Italy's MontePaschi loses 3 billion euros in 2012
MILAN (AP) — The troubled Italian bank Monte dei Paschi di Siena on Thursday reported higher-than-expected losses of 3.17 billion euros ($4 billion) for 2012 as it was hurt by a trading scandal and bad loans.
Analysts surveyed by FactSet had forecast losses of 2.2 billion euros. The results were only a mild improvement from the 2011 losses of 4.7 billion euros.
The bank said it set aside more than 2.67 billion euros in 2012 to cover possible loan losses and booked one-off restructuring costs of 311 million euros. To save cash, the bank has cut 1,000 jobs with an additional 600 expected by July, and closed 200 branches.
The world's oldest-running bank, founded in 1472, has been embroiled in a trading scandal that has cost it some 730 million euros and forced it to raise the amount of state aid it was seeking to keep afloat. MontePaschi, as it is informally known, received 3.9 billion euros in state aid earlier this year.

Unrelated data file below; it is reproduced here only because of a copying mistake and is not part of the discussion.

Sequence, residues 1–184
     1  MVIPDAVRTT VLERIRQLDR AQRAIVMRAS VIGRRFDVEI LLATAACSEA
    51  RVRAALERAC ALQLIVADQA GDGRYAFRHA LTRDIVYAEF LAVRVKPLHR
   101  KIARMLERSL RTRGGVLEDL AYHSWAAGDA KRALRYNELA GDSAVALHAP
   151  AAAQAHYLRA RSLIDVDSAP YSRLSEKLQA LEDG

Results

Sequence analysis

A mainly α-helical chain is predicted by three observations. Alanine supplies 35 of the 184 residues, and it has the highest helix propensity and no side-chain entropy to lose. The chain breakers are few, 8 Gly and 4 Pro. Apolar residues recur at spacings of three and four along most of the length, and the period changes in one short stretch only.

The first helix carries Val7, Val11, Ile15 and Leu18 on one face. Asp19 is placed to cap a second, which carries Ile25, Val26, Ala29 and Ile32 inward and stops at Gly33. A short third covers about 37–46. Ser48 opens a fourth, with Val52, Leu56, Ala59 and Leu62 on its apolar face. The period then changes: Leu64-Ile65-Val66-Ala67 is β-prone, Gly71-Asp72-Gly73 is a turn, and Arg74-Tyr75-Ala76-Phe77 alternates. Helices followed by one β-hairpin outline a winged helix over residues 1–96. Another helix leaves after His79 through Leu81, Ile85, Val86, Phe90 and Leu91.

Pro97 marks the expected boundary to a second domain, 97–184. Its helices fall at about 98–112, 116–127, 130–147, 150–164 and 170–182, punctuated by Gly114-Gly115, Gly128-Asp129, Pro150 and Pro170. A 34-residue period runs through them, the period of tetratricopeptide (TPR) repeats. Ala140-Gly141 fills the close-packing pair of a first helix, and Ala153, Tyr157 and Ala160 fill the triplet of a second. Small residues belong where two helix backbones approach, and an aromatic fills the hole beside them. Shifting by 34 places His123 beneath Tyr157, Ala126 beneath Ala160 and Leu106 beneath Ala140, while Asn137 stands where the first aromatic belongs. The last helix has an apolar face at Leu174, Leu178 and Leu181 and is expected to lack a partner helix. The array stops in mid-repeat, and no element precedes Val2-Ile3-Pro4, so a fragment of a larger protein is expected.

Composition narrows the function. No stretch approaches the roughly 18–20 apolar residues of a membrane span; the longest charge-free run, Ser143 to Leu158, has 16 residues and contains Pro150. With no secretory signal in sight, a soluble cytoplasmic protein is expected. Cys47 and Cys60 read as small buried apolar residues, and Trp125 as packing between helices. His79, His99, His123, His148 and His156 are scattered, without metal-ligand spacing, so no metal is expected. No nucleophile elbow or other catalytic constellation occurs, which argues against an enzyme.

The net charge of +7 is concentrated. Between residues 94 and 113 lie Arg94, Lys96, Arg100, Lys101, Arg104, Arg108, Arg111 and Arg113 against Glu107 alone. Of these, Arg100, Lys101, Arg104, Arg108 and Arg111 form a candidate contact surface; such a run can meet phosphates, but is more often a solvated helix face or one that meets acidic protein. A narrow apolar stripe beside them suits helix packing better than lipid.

The bank has announced it plans to sue former chairman Giuseppe Mussari and former general manager Antonio Vigni, along with Nomura and Deutsche Bank, over the two costliest trades in the scandal. The board is seeking to recoup damages, but has not specified how much.
Italian police have arrested the bank's former head of finance, Gianluca Baldassarri, for his alleged role in concealed derivative trades. Baldassarri is accused of obstructing regulators regarding the derivative trades.
MontePaschi shares closed even at 0.185 euros before the results were released.